Officials investigate after "unexpected death" at Providence St. Peter Hospital's chemical dependency center

Staff writerApril 7, 2014 

Providence St. Peter Hospital must submit a report documenting how it will correct deficiencies that were found after a joint state and federal investigation of an unexpected death of a patient on February 3.

The death that triggered the investigation and a "statement of deficiencies," was of a 63-year-old man admitted to Providence St. Peter Hospital's chemical dependency center to withdrawal from alcohol.

The investigation of the patient's death was conducted by both the state Department of Health and the federal Center for Medicare & Medicaid Services.

The investigation of the patient's death was first reported Friday by the Puget Sound Business Journal. On Monday, a spokesman at the Washington Department of Health provided a copy of the DOH's and the federal CMS's "statement of deficiencies" generated by the patient's death to The Olympian.

DOH spokesman Donn Moyer said the DOH investigation was spurred after Providence St. Peter Hospital's own mandatory self-reporting of the patient's unexpected death.

The statement of deficiencies found that Providence St. Peter Hospital staff did not follow a physician's orders on monitoring the patient's vital signs.

"On interview and document review, requirement of vital signs every three hours on admission, and then every shift was not followed for this patient," reads the statement of deficiencies.

The investigation also found that the physician's orders required that he or she be notified if the patient's blood pressure fell below a certain level, "and this did not happen."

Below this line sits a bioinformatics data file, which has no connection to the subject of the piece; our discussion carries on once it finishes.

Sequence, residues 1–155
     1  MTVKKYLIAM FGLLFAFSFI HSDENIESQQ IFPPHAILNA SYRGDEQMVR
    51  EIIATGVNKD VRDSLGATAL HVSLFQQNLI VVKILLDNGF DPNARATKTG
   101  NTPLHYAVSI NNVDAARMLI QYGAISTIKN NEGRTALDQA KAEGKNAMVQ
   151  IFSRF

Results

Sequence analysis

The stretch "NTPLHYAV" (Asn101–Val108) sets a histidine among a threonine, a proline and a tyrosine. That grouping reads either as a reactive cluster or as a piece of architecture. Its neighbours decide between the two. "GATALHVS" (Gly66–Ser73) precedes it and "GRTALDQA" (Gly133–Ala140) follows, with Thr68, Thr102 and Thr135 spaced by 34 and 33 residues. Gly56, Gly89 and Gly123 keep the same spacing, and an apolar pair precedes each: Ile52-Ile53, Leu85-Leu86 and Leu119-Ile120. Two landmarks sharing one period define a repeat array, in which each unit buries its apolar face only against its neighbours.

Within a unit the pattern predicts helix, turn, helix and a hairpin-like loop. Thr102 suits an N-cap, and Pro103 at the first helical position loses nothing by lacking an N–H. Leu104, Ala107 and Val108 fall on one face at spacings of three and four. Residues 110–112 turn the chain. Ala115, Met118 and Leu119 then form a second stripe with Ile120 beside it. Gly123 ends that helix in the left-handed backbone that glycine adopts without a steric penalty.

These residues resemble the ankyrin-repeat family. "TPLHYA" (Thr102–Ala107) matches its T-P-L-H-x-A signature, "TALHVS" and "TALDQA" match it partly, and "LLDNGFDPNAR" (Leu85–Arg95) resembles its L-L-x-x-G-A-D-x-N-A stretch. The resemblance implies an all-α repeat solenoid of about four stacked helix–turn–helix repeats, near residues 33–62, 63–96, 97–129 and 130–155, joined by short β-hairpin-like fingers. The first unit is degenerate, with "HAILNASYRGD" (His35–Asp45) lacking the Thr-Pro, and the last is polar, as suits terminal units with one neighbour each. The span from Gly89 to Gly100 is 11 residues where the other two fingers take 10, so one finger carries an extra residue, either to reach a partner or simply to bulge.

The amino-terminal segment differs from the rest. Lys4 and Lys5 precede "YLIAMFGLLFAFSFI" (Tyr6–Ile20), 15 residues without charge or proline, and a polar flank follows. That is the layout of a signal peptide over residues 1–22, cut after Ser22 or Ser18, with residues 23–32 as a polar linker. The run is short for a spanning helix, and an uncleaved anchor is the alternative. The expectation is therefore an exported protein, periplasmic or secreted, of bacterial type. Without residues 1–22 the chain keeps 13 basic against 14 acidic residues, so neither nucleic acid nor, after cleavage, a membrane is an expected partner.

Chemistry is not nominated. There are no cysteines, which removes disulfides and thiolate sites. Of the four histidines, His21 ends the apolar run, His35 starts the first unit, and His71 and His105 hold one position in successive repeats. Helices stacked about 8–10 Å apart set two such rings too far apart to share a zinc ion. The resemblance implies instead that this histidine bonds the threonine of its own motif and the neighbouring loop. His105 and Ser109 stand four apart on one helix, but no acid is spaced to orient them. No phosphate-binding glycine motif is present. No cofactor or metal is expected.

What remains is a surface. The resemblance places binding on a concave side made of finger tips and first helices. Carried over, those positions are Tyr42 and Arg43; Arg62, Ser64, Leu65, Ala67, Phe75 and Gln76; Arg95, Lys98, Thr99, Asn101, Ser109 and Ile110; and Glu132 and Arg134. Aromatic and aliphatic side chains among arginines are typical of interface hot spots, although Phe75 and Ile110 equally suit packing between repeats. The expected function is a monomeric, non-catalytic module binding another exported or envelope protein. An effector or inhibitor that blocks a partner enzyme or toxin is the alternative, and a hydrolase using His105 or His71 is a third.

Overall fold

A physician told an investigator that at the chemical dependency center "there are only two nurses for 40 patients" so "the patients are required to come to the nursing desk for vital signs and the nurses do not seek out the patients at time intervals," reads the statement of deficiencies. "This was not confirmed by three nurses."

Moyer said the practice of investigators writing a "statement of deficiencies" after an unexpected patient death is unusual. Thurston County Coroner Gary Warnock said Monday that the man's Feb. 3 death is the first one he can recall at Providence St. Peter Hospital's chemical dependency center.

Moyer said the statement of deficiencies was provided to Providence St. Peter Hospital, and additionally to he Seattle branch of the Center for Medicare & Medicaid Services.

Officials with the Center for Medicare and Medicaid & Medicaid Services, in both Washington D.C. and Seattle, could not be reached for comment Monday to discuss whether its funding to Providence St. Peter Hospital could potentially be impacted by the DOH statement of deficiencies.

Providence St. Peter Hospital has until April 10 to submit to DOH its plan for corrective action, Moyer said.

Deborah Shawver, a spokeswoman for Providence St. Peter Hospital released a brief statement to The Olympian Monday.

"This is a very difficult situation and we have the utmost compassion for the family and their loss," Shawver wrote. "Patient safety is our first priority and, while the cause of death has not been determined, whenever there is an unexpected patient death we take the situation very seriously."

Shawver added that "we have immediately taken steps to respond to all survey findings and continue to conduct reviews and develop responsive plans. We are fully committed to a quick and complete resolution and partnering with DOH on any and all outstanding issues. DOH will then conduct a follow-up survey in the future."







Jeremy Pawloski: 360-754-5445;

The Olympian is pleased to provide this opportunity to share information, experiences and observations about what's in the news. Some of the comments may be reprinted elsewhere in the site or in the newspaper. We encourage lively, open debate on the issues of the day, and ask that you refrain from profanity, hate speech, personal comments and remarks that are off point. Thank you for taking the time to offer your thoughts.

Commenting FAQs | Terms of Service